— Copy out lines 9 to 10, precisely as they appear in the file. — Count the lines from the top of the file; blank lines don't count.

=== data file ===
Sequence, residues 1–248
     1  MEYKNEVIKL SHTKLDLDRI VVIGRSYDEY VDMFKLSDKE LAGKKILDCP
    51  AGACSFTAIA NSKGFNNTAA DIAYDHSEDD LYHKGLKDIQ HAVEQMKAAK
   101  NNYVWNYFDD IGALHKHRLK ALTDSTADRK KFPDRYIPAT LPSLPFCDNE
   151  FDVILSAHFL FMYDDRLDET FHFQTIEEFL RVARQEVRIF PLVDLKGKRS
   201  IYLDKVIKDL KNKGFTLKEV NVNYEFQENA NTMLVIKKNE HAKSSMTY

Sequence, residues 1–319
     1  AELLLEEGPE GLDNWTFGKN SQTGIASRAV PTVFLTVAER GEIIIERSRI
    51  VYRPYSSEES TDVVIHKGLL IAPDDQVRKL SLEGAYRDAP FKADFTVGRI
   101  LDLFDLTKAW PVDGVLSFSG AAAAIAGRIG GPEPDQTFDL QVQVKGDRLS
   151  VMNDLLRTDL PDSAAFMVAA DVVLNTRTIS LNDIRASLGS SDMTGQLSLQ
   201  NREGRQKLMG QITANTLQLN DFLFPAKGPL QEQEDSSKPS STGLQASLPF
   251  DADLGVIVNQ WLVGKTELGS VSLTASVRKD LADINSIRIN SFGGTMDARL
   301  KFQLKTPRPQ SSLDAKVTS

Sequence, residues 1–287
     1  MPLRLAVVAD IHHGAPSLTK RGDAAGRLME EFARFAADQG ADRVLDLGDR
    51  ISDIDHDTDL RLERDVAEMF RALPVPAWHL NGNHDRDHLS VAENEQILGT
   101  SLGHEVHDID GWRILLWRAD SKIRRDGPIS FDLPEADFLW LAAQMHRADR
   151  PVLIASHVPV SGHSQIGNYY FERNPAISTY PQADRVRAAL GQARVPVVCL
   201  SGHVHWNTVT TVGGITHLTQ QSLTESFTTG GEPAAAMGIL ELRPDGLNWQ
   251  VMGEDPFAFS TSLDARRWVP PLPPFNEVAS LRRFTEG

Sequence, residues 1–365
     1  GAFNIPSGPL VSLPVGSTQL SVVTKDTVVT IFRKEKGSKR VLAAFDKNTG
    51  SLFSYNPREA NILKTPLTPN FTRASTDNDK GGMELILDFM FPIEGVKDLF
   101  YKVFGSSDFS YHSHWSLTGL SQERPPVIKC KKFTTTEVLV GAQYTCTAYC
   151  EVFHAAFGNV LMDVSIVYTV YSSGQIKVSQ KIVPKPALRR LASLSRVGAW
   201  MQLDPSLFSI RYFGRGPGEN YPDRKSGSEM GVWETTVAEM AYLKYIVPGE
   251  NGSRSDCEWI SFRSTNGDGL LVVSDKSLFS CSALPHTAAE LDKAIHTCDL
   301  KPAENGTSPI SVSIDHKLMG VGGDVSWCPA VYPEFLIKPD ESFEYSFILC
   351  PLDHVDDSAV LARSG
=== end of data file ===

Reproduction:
    51  VYRPYSSEES TDVVIHKGLL IAPDDQVRKL SLEGAYRDAP FKADFTVGRI
   101  LDLFDLTKAW PVDGVLSFSG AAAAIAGRIG GPEPDQTFDL QVQVKGDRLS